- BPL Codman Branch, 690 Washington Street
- BPL Grove Hall Branch, 41 Geneva Ave
- BPL East Boston Branch, 365 S. Bremen Street
- BCYF Paris Street, 112 Paris Street
- BCYF Hyde Park, 1179 River Street
- BPL Mattapan Branch, 1350 Blue Hill Avenue
- BCYF Mildred Avenue, 5 Mildred Avenue
- BCYF Tobin, 1481 Tremont Street
- BPL South Boston Branch, 646 E Broadway
- BPL Roslindale Branch, 4246 Washington Street
- BPL Roxbury Branch, 149 Dudley St
- BCYF Shelburne Branch, 2730 Washington Street
President Biden has announced a plan to distribute 500 million free rapid tests throughout the country, but that won’t begin until January.
Elsewhere, efforts to distribute free COVID tests vary community-by-community. NBC10 Boston reports Revere has been giving out its allotment of 27,000 tests at food distribution centers, nonprofits, and churches. Quincy has distributed them at shelters and via the local health department, where they can be reserved with a phone call. In Chelsea, the group La Colaborativa was embarking on an effort to distribute 8,000 tests in that city.
Boston is also continuing to run testing clinics at multiple locations, some of which require appointments, and some of which are currently accepting walk-ins. Reports on the ground, though, show that the lines at these locations have gotten pretty significant.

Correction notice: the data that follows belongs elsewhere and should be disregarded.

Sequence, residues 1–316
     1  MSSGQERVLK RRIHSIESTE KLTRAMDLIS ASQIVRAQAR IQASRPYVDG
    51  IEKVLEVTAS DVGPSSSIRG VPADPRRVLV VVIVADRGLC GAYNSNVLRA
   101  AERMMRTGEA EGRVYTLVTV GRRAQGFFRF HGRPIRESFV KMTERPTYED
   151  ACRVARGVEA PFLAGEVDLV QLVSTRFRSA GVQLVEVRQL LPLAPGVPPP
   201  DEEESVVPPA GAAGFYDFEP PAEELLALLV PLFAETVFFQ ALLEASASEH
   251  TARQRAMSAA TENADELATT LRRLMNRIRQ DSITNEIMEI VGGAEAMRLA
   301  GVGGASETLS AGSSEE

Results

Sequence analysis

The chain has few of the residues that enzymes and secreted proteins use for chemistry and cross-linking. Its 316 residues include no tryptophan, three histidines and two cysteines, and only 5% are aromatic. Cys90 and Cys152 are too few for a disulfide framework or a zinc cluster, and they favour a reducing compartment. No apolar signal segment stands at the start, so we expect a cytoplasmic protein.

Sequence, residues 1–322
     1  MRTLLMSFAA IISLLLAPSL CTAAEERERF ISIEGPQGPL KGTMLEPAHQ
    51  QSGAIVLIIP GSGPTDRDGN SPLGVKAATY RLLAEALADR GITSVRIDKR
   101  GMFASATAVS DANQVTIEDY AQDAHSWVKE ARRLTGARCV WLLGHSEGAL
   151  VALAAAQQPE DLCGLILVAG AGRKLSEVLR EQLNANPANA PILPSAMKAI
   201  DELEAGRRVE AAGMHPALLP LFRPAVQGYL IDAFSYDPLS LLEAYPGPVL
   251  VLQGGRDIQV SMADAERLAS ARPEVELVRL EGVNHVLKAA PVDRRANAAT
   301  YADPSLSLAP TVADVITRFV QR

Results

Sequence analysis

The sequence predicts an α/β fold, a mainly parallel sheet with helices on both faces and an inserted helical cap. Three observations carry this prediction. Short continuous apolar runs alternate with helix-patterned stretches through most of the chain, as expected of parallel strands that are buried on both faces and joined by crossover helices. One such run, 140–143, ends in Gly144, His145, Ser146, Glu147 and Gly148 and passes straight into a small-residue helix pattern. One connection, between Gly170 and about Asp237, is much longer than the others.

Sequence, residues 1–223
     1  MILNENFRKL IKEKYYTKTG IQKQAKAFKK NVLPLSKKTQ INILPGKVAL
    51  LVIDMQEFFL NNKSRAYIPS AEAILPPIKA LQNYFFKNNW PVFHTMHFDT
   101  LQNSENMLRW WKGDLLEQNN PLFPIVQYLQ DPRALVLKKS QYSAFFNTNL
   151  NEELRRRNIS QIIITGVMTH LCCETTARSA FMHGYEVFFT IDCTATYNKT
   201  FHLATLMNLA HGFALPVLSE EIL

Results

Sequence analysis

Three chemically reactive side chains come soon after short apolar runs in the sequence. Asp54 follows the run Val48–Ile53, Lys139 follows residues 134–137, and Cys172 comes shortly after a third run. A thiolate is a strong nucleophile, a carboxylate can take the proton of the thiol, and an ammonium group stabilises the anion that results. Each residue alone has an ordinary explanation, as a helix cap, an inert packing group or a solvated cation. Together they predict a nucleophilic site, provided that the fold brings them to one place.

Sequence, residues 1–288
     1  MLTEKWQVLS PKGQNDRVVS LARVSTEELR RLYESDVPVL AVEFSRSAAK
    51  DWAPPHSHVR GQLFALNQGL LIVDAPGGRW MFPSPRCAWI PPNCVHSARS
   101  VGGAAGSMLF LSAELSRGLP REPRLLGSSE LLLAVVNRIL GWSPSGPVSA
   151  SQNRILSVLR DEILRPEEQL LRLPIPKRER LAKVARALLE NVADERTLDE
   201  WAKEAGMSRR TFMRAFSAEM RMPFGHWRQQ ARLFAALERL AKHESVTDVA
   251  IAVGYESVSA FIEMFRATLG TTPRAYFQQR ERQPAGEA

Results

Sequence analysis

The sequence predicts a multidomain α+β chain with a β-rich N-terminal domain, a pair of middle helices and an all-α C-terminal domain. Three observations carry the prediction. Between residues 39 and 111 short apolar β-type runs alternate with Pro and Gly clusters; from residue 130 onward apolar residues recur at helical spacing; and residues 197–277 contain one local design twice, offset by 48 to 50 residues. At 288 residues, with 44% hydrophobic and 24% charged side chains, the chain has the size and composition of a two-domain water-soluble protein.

UPDATE: Line here in Harvard Square for COVID testing is still wrapped around the block. Site closes at 6 – but they say they’ll test everyone who is in line at 6 pm. People are rushing to get PCR tests for holiday. pic.twitter.com/KOR0ZjY3vI
— Kathryn Sotnik NBC10 Boston (@KatNBCBoston) December 19, 2021
As for how the major pharmacies are handling the shortage, I’m hearing you’ll have to be patient. “Due to a recent increase in demand related to a surge of increasing COVID-19 cases, and to retain community-based access to tests in our stores, there may be temporary out of stocks for these products online at CVS.com,” a CVS spokesperson says in an email. “We are committed to providing families with protection and peace of mind during the holiday season, and we continue to offer access to lab-based testing with results available in 1-2 days or rapid COVID-19 testing at more than 4,800 CVS Pharmacy locations.”
It was a similar situation at Walgreens. “Following Thanksgiving and leading into the upcoming holiday week, we’ve seen an unprecedented increase in demand for rapid OTC COVID-19 tests across the country and are working with our suppliers to ensure customers have access to self-test kits through the holidays, ” a spokesperson says, also by email. “Some stores may experience a temporary shortage in rapid OTC testing solutions. For consumers looking for specific items, Walgreens.com updates with the latest available store inventory information frequently throughout the day.”
Walgreens also says it’s implementing a new four-item purchase limit on tests due to the strain on supply.
So if your local library can’t help you out, you may want to keep refreshing those pharmacy sites to check for inventory updates—but consider calling to confirm their listed supply is accurate before heading over.